Sentences (#55)

Collapse traps people:

You have to know when to leave.

Most don’t, and won’t, of course.

(Treat this as a promissory note on an installment of provocative skepticism viz the ‘eventually its necessary to stand and fight, or even take things back’ proposition that haunts NRx like a chain-rattling ghost, now more than ever, in the shadow of the impending Trumpenreich. Zombie-fighting-types can assume that the tacit XS stance (“flee you fools”) is at least as infuriating as they would expect it to be.)

May 24, 2016admin 17 Comments »
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17 Responses to this entry

  • William M Briggs Says:

    There is a tide in the affairs of men…that should be taken to float your boat far, far away.

    I’m now wondering if potatoes would grow in the ex-gulags Russia is giving away.

    [Reply]

    Posted on May 24th, 2016 at 2:17 pm Reply | Quote
  • Sentences (#55) | Neoreactive Says:

    […] Sentences (#55) […]

    Posted on May 24th, 2016 at 2:22 pm Reply | Quote
  • smg Says:

    It’s important to me to own real estate in a state (USA) that’s economically responsible. There are so few, my options are limited.

    [Reply]

    Posted on May 24th, 2016 at 3:39 pm Reply | Quote
  • Brett Stevens Says:

    ‘eventually its necessary to stand and fight, or even take things back’

    Eventually?

    Without survival of an ethnic group, people have nothing other than themselves. This is as alienating as being a citizen under Communism.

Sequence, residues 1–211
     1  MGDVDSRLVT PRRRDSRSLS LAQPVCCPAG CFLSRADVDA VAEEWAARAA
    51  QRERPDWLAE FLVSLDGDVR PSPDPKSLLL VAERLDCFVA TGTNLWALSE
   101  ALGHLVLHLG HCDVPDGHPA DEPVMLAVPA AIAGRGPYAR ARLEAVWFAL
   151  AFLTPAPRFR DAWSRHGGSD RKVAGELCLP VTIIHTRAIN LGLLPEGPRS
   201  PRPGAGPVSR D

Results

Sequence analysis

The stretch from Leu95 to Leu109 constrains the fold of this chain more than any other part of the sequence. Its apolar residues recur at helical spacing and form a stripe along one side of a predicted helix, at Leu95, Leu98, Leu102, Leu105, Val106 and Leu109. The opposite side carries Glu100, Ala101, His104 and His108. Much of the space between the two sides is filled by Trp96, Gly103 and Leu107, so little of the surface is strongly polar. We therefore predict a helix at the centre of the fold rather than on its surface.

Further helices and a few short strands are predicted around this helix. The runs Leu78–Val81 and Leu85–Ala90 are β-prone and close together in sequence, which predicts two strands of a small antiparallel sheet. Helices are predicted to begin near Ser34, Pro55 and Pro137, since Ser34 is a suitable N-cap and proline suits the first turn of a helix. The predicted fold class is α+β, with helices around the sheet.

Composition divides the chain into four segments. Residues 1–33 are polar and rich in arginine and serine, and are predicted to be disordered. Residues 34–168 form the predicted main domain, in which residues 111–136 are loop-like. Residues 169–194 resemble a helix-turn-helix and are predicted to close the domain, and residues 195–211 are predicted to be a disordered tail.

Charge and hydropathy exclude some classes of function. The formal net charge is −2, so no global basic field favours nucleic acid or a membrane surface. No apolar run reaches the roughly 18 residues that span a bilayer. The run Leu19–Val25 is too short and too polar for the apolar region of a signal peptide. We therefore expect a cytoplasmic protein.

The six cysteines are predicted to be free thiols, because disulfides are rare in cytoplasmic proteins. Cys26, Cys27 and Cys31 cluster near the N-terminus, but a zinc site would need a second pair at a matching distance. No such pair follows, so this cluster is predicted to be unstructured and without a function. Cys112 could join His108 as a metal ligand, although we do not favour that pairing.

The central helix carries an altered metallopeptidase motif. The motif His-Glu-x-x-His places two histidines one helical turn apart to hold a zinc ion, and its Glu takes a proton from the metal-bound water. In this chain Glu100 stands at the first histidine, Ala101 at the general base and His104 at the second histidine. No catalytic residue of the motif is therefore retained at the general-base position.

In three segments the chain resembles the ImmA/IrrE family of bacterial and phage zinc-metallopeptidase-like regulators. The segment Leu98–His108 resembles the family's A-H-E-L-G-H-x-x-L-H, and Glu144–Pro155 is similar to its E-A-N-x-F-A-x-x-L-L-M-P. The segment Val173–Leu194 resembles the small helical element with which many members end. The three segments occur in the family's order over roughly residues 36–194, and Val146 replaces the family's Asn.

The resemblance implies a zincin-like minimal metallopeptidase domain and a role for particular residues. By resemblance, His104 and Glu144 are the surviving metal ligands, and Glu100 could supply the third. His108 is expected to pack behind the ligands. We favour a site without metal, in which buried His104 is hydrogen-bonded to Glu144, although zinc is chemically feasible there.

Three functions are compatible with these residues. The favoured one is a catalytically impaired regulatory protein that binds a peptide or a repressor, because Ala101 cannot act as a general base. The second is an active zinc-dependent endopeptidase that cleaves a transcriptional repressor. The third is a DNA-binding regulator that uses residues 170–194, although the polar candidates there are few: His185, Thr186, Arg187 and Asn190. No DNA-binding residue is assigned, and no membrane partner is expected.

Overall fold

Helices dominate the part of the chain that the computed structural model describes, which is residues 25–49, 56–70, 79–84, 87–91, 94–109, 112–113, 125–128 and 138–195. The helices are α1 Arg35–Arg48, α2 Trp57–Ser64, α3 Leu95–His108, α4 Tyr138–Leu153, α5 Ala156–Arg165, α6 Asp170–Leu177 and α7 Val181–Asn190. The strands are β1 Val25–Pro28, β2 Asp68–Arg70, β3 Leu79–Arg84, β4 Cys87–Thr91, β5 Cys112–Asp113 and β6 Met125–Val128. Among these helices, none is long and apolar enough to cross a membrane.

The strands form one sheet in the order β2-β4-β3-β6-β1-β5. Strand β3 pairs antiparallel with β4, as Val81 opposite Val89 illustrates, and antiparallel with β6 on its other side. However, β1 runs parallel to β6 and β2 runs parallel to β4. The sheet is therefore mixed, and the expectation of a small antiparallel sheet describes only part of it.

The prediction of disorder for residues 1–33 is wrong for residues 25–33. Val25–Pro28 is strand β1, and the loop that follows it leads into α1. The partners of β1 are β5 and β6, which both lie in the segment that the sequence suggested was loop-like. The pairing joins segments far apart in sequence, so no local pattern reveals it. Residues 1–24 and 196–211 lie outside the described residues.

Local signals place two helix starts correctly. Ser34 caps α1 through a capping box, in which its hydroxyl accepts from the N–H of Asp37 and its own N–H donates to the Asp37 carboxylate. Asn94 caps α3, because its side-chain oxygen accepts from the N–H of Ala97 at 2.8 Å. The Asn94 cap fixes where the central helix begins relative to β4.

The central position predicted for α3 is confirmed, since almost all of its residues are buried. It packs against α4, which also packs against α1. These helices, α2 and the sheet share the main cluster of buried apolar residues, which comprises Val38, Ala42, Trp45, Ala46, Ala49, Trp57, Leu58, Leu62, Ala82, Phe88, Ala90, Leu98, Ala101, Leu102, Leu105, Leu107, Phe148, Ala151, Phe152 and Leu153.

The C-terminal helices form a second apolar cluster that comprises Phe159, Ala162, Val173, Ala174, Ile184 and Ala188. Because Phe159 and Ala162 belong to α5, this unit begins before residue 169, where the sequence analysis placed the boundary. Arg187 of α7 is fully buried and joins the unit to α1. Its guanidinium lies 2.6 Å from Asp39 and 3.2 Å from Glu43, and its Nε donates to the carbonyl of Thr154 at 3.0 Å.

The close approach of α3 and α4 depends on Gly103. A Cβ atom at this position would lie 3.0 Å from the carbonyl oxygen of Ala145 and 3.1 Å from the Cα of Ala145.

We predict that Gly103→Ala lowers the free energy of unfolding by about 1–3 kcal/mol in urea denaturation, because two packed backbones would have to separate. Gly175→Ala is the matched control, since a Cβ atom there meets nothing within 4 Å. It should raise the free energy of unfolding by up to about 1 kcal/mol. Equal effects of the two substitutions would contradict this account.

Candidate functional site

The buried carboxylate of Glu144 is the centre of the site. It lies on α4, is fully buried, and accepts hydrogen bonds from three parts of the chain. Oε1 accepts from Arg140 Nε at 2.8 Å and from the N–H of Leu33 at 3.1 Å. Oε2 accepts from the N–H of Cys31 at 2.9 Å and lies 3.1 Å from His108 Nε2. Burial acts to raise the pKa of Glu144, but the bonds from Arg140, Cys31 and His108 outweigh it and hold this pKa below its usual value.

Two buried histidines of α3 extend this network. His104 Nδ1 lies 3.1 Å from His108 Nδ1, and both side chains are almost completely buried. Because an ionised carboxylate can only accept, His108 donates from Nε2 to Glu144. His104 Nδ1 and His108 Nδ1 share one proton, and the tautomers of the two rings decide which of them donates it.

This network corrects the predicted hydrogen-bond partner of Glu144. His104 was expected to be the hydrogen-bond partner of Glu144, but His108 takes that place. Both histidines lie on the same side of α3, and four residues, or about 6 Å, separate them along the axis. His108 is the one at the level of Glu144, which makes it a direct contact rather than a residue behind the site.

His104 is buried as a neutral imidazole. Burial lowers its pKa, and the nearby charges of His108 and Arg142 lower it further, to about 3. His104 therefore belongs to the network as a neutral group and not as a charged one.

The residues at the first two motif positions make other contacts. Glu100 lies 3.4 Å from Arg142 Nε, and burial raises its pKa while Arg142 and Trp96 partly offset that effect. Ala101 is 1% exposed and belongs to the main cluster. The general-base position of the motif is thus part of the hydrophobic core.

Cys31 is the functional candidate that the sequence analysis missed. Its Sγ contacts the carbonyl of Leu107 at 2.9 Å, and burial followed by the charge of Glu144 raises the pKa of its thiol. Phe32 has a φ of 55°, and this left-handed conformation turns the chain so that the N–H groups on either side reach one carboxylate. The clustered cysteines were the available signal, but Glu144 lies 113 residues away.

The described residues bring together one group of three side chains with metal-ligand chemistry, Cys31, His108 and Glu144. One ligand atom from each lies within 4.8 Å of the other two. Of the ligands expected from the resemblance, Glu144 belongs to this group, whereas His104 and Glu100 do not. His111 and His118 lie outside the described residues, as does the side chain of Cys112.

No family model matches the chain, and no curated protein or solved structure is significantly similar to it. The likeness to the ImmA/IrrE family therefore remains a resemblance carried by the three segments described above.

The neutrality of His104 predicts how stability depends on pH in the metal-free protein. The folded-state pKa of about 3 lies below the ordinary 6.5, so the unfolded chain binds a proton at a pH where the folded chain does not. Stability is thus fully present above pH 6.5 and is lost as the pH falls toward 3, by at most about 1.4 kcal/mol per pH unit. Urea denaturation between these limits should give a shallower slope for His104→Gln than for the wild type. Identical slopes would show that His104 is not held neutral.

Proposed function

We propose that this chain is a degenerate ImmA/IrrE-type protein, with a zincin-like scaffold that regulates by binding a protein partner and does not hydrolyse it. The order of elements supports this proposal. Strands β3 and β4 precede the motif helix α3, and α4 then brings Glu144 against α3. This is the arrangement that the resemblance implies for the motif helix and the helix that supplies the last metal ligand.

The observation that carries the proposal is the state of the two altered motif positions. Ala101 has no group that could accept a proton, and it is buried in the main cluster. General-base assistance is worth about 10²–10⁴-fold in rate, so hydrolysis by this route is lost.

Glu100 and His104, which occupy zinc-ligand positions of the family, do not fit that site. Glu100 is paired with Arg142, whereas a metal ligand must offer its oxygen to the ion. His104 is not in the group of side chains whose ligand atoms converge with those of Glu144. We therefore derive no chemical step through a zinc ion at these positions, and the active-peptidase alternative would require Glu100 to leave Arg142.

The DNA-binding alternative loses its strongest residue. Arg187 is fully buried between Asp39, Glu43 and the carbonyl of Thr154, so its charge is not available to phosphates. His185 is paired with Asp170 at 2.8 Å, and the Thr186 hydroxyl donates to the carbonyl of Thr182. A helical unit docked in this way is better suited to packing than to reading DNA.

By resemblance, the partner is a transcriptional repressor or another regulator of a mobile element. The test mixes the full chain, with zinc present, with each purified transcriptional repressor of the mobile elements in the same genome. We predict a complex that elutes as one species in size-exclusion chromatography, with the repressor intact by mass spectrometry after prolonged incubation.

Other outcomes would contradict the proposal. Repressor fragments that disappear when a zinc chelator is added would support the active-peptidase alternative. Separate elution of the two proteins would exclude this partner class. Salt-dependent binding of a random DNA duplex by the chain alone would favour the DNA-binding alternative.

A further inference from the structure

This is one area where the Alternative Right seems to understand things more clearly: governments are not nations. They can fall, and those who support them will then depart.

    Societies can be reborn. Individuals, by themselves, even good ones, are not able to do much.

    [Reply]

    Mike in Boston Reply:

    Healthy societies can survive even when their founding ethnic group is assimilated. Late Byzantine Greeks certainly saw themselves as the same people as the Greeks of Alexander’s time, and kept the same culture going, but there is a case to be made that they didn’t share all that much DNA with their cultural forbears.

    It’s noteworthy that, in spite of all his denials, the perceptive chronicler of America Tom Wolfe seems to be making the same point on the last page of his (hugely entertaining) Back to Blood.

    [Reply]

    Brett Stevens Reply:

    Wolfe has been onto this issue since the 1960s. Did you read “Mau-Mauing the Flak Catchers”? What’s great about Black to Blood (which I also enjoyed) is that it takes a scientific analysis of modern myths and uses it to eliminate belief in just about everything, leaving tribe. You might view it as informed by Sam Huntington’s The Clash of Civilizations because it would be anomalous for it not to be…

    [Reply]

    admin Reply:

    Survival of an ethnic group =/= territorial continuity. If it did, existence of WASPs would still depend upon the fate of England.

    More importantly, off-shoot populations, selected by the frontier, are superior to inert root populations (which degenerate leftwards in accordance with an iron law of demographic history). The Greeks never came back, nor did the Romans. Those Greeks who threw in their lot with the Romans are the model.